We’re just three weeks out from the WNBA All-Star Game on July 10 in Chicago, and this year’s competition will look different than last. In an Olympic year, Team USA competed against Team WNBA. This year, teams will be selected by two captains, which will be the players with the most fan votes regardless of conference.
A total of 22 players will be named All-Stars (11 on each team), though coaches will select the 12 reserves. The 10 starters will be determined by a combination of fan (50%), media (25%) and player (25%) votes.
Gaming Society was prompted to select four backcourt and six frontcourt players regardless of conference on a media ballot to vote as starters. Here’s who was chosen (in no particular order).
The WNBA’s second-leading scorer was a no-brainer choice to start this year. At 20.1 points per game on 43/41/85 shooting splits, Plum’s having the best year of her career.
With 18.3 points per game and 5.2 assists, Diggins-Smith is the Mercury’s most important player and perennially in the conversation as being the league’s best point guard.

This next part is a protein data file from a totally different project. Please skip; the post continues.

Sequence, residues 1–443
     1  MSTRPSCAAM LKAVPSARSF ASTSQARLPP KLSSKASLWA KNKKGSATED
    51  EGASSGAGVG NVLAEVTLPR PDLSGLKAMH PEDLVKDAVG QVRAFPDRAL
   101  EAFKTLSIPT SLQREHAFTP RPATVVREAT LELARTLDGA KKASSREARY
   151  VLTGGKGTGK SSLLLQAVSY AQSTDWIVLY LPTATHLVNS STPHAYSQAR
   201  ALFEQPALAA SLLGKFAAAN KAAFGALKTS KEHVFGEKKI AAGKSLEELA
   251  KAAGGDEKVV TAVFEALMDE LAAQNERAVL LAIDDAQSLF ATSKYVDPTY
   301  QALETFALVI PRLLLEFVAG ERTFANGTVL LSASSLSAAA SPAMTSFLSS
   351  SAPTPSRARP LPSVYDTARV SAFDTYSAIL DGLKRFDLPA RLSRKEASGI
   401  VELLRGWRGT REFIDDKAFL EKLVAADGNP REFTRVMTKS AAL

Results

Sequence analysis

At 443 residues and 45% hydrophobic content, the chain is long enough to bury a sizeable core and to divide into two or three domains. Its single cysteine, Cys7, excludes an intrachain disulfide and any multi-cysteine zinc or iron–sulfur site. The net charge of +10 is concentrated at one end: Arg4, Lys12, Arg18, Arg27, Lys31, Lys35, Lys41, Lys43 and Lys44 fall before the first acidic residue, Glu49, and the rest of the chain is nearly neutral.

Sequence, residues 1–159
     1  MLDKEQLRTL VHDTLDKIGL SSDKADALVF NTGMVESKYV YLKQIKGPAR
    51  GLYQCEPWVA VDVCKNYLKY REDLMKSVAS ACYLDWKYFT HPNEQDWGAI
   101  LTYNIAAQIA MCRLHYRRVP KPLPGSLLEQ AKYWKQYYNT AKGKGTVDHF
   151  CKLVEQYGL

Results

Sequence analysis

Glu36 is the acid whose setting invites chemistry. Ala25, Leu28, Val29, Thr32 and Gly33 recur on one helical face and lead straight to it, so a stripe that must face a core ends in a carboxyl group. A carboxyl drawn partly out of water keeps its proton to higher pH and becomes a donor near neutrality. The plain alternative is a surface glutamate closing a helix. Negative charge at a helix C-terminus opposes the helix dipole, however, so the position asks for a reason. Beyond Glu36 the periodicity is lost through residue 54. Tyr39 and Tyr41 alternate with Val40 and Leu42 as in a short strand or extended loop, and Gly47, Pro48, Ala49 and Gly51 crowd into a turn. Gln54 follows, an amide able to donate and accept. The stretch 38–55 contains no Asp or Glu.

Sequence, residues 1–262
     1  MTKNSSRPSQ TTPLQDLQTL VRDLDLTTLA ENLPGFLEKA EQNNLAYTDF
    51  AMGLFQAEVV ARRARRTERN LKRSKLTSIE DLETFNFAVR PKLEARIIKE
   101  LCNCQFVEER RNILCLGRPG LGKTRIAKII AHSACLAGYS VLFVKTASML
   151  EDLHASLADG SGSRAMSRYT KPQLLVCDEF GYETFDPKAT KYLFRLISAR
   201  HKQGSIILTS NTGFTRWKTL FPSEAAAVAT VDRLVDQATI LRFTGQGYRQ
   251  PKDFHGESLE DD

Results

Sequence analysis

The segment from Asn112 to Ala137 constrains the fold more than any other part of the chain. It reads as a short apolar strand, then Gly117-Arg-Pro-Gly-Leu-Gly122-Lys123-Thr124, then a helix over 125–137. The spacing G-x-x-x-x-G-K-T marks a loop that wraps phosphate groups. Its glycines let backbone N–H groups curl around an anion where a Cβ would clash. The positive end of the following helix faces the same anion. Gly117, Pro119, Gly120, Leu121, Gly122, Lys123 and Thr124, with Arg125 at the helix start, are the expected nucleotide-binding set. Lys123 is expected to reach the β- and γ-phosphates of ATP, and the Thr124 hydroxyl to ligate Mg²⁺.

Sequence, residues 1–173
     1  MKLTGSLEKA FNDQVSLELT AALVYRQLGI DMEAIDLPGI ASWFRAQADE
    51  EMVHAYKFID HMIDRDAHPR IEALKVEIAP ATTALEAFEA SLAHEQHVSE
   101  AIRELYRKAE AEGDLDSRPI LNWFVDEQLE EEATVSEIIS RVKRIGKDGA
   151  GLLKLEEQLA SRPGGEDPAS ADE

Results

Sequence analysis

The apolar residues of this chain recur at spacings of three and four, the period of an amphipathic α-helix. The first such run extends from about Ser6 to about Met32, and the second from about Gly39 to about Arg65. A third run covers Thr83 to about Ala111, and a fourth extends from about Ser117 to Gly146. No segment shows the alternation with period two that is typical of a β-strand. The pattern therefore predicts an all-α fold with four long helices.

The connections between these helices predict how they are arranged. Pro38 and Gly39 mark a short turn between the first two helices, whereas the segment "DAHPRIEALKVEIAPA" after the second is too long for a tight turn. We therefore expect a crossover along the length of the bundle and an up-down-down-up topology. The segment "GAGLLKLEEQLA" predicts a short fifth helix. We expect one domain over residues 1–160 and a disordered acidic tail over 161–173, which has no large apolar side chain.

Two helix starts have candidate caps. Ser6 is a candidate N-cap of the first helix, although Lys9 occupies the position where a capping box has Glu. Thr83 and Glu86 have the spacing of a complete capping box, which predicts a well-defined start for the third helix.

She’s been in a little slump since the ankle sprain, but her numbers were MVP-caliber before it. It’s Young’s breakout year and she needs to be a starter.
After a shaky month of May, Ionescu is putting up clear All-Star numbers in June, scoring 20.8 points with 7.3 assists and 7.0 rebounds.
Also considered: Kelsey Mitchell, Arike Ogunbowale, Rhyne Howard, Kahleah Copper
The MVP so far. She should be one of the team captains.
Likely the other team captain, and her MVP case is building, too.
Thomas is having the best season of her career and starring on both ends of the court. The Sun have maybe the most versatile defense in the league and she’s the anchor.
Last year’s MVP had a slow start, but now she’s rolling, double-doubling in her last two games. She’s also third in rebounds per game.
The Sparks are struggling but Ogwumike isn’t. She’s scoring 17.8 points on an incredibly efficient 59.1% shooting with 7.8 boards.
Out indefinitely with a cartilage injury in her right knee, she’s unlikely to play at All-Star. But the legend, who’s set to retire after this season, is deserving of starter recognition. In 12 games before injury, she was averaging 16.5 points on 64.1% shooting and 10.3 boards.
Also considered: Candace Parker, Tina Charles, DeWanna Bonner